As an example, if you’re utilising a redraw facility and then you want to convert the property attached to the mortgage from your principal residence into an investment property, (changing the fundamentals of the loan) you’re unable to access the excess funds that you have been paying into the redraw account. If, on the other hand, you had been using an offset account, then the funds sitting to the side of the mortgage are easily accessible.
At the end of the day, offset accounts are cash and available to use 100 per cent at your discretion whereas redraw has limitations.
And it’s this flexibility that we like the most as at the end of the day, the cash is yours and can be used for whatever purpose you choose.
HOW EASY IS IT TO SET UP THESE FACILITIES SO IT CAN SAVE ME MONEY?
Thankfully, it’s really simple for your broker to setup! It’s true all banks are a little different in the ways they manage the process, but we happily guide all our clients through what needs to be done with a minimum of fuss. All three options can help you to save money. The key issue is to talk through every client’s situation and individual circumstances to make sure they understand what we’re doing and why we’re doing it for them.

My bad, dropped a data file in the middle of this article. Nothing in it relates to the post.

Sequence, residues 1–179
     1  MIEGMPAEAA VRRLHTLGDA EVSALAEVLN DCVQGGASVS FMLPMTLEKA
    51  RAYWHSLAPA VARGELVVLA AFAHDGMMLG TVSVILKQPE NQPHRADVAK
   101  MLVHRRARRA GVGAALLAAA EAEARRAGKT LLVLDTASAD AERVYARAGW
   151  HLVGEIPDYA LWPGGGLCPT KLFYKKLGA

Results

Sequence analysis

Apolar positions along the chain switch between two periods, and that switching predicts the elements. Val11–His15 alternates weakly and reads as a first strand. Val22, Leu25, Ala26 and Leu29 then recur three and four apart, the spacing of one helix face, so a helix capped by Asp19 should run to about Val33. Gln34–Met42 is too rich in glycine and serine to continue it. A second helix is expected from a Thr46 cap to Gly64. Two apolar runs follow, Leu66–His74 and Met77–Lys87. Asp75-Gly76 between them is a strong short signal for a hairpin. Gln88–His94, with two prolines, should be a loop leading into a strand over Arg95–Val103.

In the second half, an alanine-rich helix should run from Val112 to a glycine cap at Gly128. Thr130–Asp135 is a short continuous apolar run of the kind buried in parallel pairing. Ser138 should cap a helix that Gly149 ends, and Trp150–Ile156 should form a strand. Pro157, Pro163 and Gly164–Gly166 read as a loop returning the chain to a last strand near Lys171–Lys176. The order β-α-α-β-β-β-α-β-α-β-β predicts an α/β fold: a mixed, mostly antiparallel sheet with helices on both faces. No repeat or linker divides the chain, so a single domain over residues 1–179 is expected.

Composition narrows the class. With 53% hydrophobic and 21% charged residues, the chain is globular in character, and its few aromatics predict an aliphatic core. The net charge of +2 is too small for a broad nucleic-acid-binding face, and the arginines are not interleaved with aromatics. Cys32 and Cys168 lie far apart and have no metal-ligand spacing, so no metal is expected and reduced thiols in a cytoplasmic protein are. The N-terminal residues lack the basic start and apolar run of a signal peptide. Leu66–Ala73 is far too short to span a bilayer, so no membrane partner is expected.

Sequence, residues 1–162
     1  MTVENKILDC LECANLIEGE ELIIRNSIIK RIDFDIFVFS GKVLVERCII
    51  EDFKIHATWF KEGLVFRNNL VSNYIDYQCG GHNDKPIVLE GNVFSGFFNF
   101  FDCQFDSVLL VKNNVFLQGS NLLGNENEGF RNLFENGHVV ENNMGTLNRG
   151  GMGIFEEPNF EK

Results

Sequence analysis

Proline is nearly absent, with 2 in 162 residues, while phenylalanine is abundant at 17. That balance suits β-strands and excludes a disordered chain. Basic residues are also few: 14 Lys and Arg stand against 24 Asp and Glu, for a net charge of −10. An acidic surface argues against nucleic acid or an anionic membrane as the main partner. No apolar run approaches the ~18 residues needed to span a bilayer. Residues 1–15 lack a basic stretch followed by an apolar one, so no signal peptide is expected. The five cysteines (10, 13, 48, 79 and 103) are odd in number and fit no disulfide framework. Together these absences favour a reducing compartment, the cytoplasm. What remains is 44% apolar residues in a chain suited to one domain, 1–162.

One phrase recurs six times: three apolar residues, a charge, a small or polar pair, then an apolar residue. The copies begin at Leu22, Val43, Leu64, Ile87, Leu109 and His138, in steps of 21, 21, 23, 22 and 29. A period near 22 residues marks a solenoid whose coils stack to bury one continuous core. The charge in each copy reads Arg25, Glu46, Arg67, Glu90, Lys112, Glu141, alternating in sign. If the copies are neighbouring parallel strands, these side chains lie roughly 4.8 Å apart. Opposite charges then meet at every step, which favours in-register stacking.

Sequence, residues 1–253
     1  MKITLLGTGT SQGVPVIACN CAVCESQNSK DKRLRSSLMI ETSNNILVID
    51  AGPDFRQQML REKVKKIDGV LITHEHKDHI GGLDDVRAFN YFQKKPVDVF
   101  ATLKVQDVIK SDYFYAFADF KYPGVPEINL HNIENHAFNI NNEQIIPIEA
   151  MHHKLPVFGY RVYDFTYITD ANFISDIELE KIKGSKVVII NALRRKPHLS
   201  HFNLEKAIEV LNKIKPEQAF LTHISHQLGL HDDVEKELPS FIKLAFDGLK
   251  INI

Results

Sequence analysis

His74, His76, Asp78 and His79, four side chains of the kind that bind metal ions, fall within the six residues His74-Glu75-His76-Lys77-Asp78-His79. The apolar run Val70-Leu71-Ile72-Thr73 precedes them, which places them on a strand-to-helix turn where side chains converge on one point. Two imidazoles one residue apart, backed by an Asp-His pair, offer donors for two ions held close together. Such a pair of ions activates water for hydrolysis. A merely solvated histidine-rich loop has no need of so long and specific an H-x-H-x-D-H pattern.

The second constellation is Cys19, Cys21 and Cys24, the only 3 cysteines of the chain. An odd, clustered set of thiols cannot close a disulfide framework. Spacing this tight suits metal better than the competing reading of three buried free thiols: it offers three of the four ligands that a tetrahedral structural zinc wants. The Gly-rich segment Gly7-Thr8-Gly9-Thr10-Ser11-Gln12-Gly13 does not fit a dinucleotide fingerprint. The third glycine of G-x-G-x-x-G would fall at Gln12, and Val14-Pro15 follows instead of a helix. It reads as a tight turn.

Getting the right advice on each facility will not only give you savings on your home loan but will allow you easy access to cash to help you with your goals. Chat to us today.
The information provided in this article is general in nature and does not constitute personal financial advice. The information has been prepared without taking into account your personal objectives, financial situation or needs. Before acting on any information you should consider the appropriateness of the information with regard to your objectives, financial situation and needs.